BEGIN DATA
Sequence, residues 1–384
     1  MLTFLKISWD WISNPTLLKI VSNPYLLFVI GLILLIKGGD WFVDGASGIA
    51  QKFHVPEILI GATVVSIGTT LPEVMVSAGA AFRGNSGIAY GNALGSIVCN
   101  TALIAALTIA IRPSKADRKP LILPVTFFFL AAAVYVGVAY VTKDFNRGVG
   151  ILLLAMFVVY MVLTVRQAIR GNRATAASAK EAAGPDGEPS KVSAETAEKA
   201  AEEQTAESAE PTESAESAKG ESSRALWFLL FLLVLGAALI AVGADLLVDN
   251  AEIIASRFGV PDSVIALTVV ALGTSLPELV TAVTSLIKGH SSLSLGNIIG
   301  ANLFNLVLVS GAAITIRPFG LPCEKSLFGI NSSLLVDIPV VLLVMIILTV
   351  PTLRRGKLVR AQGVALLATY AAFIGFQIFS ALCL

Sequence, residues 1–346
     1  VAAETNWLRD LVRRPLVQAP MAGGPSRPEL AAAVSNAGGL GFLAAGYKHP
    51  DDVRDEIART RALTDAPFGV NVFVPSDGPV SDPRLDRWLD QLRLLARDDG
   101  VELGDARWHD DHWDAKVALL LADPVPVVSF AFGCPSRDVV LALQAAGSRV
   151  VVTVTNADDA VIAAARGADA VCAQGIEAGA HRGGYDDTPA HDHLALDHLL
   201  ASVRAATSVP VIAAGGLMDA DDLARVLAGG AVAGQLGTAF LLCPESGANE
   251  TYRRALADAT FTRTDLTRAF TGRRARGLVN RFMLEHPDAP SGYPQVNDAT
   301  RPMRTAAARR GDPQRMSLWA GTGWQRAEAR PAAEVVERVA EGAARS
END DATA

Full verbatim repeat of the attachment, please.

Sequence, residues 1–384
     1  MLTFLKISWD WISNPTLLKI VSNPYLLFVI GLILLIKGGD WFVDGASGIA
    51  QKFHVPEILI GATVVSIGTT LPEVMVSAGA AFRGNSGIAY GNALGSIVCN
   101  TALIAALTIA IRPSKADRKP LILPVTFFFL AAAVYVGVAY VTKDFNRGVG
   151  ILLLAMFVVY MVLTVRQAIR GNRATAASAK EAAGPDGEPS KVSAETAEKA
   201  AEEQTAESAE PTESAESAKG ESSRALWFLL FLLVLGAALI AVGADLLVDN
   251  AEIIASRFGV PDSVIALTVV ALGTSLPELV TAVTSLIKGH SSLSLGNIIG
   301  ANLFNLVLVS GAAITIRPFG LPCEKSLFGI NSSLLVDIPV VLLVMIILTV
   351  PTLRRGKLVR AQGVALLATY AAFIGFQIFS ALCL

Sequence, residues 1–346
     1  VAAETNWLRD LVRRPLVQAP MAGGPSRPEL AAAVSNAGGL GFLAAGYKHP
    51  DDVRDEIART RALTDAPFGV NVFVPSDGPV SDPRLDRWLD QLRLLARDDG
   101  VELGDARWHD DHWDAKVALL LADPVPVVSF AFGCPSRDVV LALQAAGSRV
   151  VVTVTNADDA VIAAARGADA VCAQGIEAGA HRGGYDDTPA HDHLALDHLL
   201  ASVRAATSVP VIAAGGLMDA DDLARVLAGG AVAGQLGTAF LLCPESGANE
   251  TYRRALADAT FTRTDLTRAF TGRRARGLVN RFMLEHPDAP SGYPQVNDAT
   301  RPMRTAAARR GDPQRMSLWA GTGWQRAEAR PAAEVVERVA EGAARS